Strike vote could come in 10 days if accord can't be reached; 60 members in local electrical workers unit; machinists, who approved contract, take wait-and-see approach
By Doug Harlow firstname.lastname@example.org
SKOWHEGAN — Officials at Sappi Fine Paper offices in Boston on Friday said they are disappointed with a union vote Thursday night that could set the stage for a strike.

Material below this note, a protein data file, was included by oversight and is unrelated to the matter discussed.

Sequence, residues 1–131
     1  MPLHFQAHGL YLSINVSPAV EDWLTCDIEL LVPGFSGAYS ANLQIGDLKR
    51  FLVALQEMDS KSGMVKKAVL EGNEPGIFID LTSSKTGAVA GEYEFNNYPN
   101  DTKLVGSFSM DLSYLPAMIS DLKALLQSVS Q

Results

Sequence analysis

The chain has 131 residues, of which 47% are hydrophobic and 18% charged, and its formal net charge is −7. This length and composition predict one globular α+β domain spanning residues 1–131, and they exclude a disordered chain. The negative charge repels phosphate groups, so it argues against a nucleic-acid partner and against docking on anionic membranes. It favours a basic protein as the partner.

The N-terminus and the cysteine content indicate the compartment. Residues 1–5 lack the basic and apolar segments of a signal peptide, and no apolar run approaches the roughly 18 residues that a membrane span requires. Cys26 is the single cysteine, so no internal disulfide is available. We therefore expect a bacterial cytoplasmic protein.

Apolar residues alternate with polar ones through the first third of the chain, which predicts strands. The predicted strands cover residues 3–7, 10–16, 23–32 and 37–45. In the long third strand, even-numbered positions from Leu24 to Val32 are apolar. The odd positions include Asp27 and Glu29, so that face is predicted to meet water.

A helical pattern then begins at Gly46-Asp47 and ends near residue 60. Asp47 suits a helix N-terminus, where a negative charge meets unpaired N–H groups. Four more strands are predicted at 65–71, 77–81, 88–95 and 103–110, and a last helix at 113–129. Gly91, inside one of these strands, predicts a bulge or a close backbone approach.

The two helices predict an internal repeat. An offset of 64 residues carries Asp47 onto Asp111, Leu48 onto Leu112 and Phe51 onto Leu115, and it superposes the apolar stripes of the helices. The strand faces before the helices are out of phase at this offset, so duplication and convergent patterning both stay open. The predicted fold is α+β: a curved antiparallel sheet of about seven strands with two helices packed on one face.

Electrical workers voted against a new contract and the next move is another meeting when workers can vote on a work stoppage. “We are disappointed that the International Brotherhood of Electrical Workers union did not ratify the offer,” Joanna Rieke, manager of corporate communications said in a prepared statement. “It is a very fair package, with 2 percent wage increases every year and improvements in the pension, with overall wages and benefits that are extremely competitive for our industry.” She said the company was pleased that the International Association of Machinists and Aerospace Workers union ratified the offer. David Boudreau, of Fairfield, president of the IBEW Local 1768, said the union and the company have 10 days to come to an agreement before a strike vote is taken. Of the estimated 780 to 800 workers at Sappi, 170 are salaried. The remaining employees are represented by four unions: machinists, with 74 members; electrical workers, with 60 members; United Steelworkers, with 465 members; and Security, Police & Fire, Professionals of America, the mill’s security group, with 15 members, Rieke said. David Sullivan, of Richmond, business agent for IAMAW Dustrict 4, the machinists union that approved the contract, said his union will wait to see what the electrical workers do next before commenting on picket lines. “If there is a strike vote that would put the IAM and the steel workers in the same position,” he said. “I’m not concerned with that at this point until we figure out what they’re actually going to do.” Julie Rabinowitz, spokeswoman for the Maine Department of Labor, said there is a history in the state of separate unions being at odds over contracts at the same workplace. “There can be very hard feelings,” she said. “They don’t always agree.” Most recently, she said, during a bakers union strike at Hostess Brands, members of the Teamsters Union continued to work, but were careful not to cross picket lines. Rabinowitz said products to be shipped were brought outside to the waiting Teamsters for transport, so workers didn’t have to physically cross a picket line “It’s a little different in a facility where there are multiple unions and everyone needs to go into the facility to be able to work because there would be a need to cross the picket line,” she said. “At the paper mill it’s a little different than what the Hostess situation was.” Duane Lugdon, the local staff representative for steel workers at the Sappi mill did not immediately return a call for comment Friday. Doug Harlow — 612-2367